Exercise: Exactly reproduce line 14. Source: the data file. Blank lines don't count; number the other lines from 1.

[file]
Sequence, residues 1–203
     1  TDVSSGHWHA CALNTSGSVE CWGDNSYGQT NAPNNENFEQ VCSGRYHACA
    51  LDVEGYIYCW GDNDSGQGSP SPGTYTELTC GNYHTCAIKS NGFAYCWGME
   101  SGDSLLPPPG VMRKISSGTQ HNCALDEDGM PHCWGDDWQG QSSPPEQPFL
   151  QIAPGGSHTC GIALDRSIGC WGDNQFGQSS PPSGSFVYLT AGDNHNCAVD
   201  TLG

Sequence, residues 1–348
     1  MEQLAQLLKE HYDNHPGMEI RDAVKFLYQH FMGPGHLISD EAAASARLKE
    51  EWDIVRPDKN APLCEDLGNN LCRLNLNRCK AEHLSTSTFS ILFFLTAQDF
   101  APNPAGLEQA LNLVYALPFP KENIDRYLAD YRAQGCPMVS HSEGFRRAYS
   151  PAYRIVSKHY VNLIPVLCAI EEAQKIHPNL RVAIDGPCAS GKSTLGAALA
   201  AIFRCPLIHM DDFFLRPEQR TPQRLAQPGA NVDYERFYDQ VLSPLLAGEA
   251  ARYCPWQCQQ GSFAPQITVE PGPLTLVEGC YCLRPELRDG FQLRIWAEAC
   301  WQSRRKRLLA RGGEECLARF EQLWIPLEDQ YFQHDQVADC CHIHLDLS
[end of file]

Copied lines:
   301  WQSRRKRLLA RGGEECLARF EQLWIPLEDQ YFQHDQVADC CHIHLDLS